Whereas most work has focused on the identification of semantic and argument preferences, the present contribution, tied in with these recent developments, aims to investigate the potential morphological constraints that might play a role in the competition between -age, -ment and -ion suffixations. Lapraye (2017) has already identified preferences for verbs of the first group for -age and verbs of the second and third group for -ment, but the construction of the verbal bases that these three schemas select has never been studied so far. As a first attempt to pave the way for large scale analyses of the phenomena, our pilot study aims to search for morphological constraints by looking at the preferences that the schemas have for denominal or deadjectival verbal bases which constitute a significant proportion of the constructed bases that the schemas select –although deverbal verbal bases can also be selected by these schemas. Following on from this, several questions are tackled : do the schemas occupy different morphological niches ? Are some schemas more specialized than others ? If so, could the salience of these morphological niches be linked to the productivity of these schemas ? First, we provide quantitative evidence for the productivity of -age, -ment and -ion (Section 2). Using data collected from massive web corpora, we show that the schemas occupy morphological niches that rarely overlap when selecting verbs derived from nominal or adjectival bases (Section 3) and that the degree of specialization correlates with the degree of global productivity.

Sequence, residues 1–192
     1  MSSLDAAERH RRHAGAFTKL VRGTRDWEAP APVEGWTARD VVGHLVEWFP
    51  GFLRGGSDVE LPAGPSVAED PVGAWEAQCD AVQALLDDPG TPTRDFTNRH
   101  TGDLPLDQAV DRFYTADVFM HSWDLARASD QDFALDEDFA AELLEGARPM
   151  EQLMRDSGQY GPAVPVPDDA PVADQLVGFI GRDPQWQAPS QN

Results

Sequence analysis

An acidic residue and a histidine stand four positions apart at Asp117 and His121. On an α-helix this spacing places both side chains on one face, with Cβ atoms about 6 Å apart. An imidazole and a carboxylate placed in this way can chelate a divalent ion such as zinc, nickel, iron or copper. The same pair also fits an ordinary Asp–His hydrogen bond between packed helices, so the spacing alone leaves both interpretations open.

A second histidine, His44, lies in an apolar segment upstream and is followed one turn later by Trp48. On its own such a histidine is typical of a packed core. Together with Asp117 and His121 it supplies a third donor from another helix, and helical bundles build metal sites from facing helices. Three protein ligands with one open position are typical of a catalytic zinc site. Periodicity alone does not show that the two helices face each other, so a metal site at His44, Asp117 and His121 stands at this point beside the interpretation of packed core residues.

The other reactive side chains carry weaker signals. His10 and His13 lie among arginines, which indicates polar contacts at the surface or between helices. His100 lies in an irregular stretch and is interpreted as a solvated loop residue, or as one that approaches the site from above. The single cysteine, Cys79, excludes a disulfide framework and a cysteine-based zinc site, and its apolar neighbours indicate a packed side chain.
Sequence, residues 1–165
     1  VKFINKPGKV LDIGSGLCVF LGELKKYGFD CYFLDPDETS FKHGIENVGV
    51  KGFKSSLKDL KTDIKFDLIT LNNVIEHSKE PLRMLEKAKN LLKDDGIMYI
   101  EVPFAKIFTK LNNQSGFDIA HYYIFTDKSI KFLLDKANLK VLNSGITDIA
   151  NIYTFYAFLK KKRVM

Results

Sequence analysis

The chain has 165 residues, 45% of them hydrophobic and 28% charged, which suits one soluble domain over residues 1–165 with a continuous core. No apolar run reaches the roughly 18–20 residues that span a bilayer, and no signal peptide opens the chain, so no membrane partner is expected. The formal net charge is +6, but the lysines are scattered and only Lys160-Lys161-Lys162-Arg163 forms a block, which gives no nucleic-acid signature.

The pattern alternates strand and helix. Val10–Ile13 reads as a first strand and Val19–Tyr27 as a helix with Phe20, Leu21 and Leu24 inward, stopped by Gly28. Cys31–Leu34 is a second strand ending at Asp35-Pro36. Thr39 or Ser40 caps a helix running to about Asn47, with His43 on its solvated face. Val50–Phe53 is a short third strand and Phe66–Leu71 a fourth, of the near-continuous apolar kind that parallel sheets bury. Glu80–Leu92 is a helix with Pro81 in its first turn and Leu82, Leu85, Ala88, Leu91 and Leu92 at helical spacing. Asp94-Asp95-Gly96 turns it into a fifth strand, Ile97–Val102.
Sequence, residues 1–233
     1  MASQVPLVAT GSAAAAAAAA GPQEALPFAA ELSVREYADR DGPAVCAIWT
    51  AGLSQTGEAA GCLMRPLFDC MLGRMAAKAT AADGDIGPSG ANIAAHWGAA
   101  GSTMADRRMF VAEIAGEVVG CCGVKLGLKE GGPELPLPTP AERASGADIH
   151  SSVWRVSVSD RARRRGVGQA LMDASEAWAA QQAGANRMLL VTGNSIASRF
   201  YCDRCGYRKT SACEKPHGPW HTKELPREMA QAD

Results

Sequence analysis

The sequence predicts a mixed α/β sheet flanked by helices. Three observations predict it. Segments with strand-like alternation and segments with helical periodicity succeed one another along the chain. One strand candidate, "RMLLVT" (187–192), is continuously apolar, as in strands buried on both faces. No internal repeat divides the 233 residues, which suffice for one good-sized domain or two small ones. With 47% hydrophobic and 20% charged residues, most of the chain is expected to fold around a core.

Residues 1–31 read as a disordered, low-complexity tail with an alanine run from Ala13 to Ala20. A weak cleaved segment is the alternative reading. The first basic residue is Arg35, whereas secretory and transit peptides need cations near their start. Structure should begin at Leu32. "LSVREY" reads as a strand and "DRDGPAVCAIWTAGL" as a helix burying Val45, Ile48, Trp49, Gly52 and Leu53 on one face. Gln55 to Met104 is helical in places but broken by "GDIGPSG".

2. Assessing the productivity of deverbal nominalization schemas